Showing results for: Issues
Food is a nodal point for multiple interconnected issues and concerns. The categories below highlight a few of the most critical, including food security and nutrition, water, governance and policy, and health issues.
FCRN member Eric Toensmeier, of Yale University, has written an op-ed for the Washington Post in which he discusses the potential of silvopasture - including trees on grazing land - to reduce agricultural emissions. Trees increase production by providing shade to livestock, according to the op-ed.
A project in Ladakh, India, creates “ice stupas”, a form of artificial glacier, to complement intermittent water flow from retreating natural glaciers. Water from streams is sprayed from vertical pipes during the winter, freezing into pointed mounds, which melt slowly throughout the year, irrigating crops in the summer.
Bayer, the German pharmaceutical and life sciences multinational, has bought US agribusiness Monsanto in a $63 billion deal after receiving approval from antitrust regulatory authorities. The US Department of Justice required Bayer to sell some of its crop science assets to BASF as a condition of approving the merger.
This book, edited by Alessandro Isoni, Michele Troisi and Maurizia Pierri, uses the concept of “food diversity” - diversity in many different factors in the food system, including crops and culture - as an overarching theme to gather work on many aspects of food, including genetic modification, promotion of local foods, food security, ethical purchasing and legal regulation.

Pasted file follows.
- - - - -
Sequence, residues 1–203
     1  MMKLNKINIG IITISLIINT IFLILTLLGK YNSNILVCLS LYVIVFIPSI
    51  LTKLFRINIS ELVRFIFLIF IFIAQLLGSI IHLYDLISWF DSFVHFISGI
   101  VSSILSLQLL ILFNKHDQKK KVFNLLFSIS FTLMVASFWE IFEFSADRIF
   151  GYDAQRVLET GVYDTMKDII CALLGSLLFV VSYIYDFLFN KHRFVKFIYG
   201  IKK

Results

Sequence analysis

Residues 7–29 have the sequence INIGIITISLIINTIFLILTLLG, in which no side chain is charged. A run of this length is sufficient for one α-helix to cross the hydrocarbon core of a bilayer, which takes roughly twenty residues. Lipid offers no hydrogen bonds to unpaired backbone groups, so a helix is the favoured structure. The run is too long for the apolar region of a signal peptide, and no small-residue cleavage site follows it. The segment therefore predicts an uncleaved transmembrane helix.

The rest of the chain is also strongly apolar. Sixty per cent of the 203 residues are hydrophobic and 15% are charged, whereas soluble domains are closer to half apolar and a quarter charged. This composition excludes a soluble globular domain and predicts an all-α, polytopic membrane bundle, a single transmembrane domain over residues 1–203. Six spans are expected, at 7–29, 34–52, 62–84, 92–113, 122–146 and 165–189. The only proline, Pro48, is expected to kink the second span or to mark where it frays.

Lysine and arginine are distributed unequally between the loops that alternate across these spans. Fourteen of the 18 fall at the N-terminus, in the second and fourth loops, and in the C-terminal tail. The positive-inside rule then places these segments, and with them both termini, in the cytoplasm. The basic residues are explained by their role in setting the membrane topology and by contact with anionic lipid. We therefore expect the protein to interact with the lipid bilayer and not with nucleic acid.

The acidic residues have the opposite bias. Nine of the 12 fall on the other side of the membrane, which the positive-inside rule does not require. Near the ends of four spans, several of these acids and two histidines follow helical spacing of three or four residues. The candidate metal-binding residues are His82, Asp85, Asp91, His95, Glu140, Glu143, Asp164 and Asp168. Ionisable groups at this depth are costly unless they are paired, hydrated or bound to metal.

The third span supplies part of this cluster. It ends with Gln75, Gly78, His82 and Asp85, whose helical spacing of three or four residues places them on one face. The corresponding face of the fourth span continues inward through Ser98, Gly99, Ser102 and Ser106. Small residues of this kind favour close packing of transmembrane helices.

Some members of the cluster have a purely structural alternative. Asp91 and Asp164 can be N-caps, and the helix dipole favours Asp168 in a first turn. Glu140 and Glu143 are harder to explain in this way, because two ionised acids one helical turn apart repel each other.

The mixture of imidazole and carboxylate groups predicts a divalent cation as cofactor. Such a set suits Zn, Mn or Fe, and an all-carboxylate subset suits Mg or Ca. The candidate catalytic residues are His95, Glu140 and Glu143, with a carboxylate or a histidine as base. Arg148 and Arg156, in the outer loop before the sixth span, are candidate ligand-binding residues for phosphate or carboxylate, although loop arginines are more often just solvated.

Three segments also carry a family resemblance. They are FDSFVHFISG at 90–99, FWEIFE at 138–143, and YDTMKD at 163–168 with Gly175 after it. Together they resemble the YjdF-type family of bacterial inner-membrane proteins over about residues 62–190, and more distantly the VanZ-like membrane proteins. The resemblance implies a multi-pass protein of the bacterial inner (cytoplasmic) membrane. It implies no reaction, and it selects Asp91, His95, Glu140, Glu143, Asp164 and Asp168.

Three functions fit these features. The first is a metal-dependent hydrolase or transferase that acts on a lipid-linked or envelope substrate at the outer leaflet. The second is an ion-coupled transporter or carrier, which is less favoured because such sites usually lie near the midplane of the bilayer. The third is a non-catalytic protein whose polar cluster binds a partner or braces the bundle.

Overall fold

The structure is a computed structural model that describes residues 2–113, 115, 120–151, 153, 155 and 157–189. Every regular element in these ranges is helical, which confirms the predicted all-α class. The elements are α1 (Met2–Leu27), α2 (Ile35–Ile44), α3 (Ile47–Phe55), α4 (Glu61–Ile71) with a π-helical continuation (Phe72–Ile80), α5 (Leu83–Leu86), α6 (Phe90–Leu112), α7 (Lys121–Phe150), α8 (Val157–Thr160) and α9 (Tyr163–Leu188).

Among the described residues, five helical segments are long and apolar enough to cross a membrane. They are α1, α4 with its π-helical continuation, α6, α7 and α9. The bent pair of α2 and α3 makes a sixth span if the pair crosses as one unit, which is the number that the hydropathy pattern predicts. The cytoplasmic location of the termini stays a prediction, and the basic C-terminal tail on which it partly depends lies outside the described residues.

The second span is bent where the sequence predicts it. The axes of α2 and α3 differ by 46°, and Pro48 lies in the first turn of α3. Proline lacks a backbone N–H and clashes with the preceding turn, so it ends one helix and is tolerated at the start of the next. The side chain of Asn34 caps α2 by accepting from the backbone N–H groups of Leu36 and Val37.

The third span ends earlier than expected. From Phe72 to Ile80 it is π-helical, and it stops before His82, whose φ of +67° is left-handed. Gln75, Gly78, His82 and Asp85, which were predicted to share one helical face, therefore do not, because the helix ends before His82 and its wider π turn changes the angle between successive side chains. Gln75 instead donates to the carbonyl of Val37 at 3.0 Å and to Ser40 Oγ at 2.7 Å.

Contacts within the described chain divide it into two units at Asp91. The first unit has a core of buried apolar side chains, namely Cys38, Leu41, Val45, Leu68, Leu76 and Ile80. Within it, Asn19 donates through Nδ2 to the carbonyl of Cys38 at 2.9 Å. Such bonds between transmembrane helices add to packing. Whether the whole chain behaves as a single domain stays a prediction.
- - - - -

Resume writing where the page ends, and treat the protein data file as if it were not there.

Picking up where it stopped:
This book, by Annoula Paschalidou, Michael Tsatiris, Kyriaki Kitikidou and Christina Papadopoulou, identifies the challenges and opportunities surrounding the conflict between food production and energy crop production.
TEEBAgriFood, part of the UN Environment initiative The Economics of Ecosystems and Biodiversity, has released a report on the environmental, health and social costs and benefits of the agriculture and food system. It finds that the food system does not keep everyone healthy or protect the environment. It calls for a reform in how we measure food system performance, because relying on yield per hectare and market prices neglects other costs such as food-borne disease and environmental degradation.
Sixty suppliers of meat and fish have been ranked according to their management of nine sustainability categories, in an index prepared by Farm Animal Investment Risk and Return (FAIRR), a London-based investor initiative focused on the environmental, social and ethical issues of factory farming. 60% of the companies assessed are deemed “high-risk” on their overall sustainability strategy (or lack of it). Antibiotics are the most poorly managed risk, while waste and pollution are the best-managed risks.
FCRN member Ben Phalan of the Universidade Federal da Bahia has written a paper discussing the strengths and limitations of the land sparing-sharing framework, which aims to allocate land use and production intensity so as to maximise the value of land for wildlife while still producing enough food for people. He notes that most studies show that wildlife would be favoured by producing food intensely on as little land as possible, and addresses some common criticisms of the model.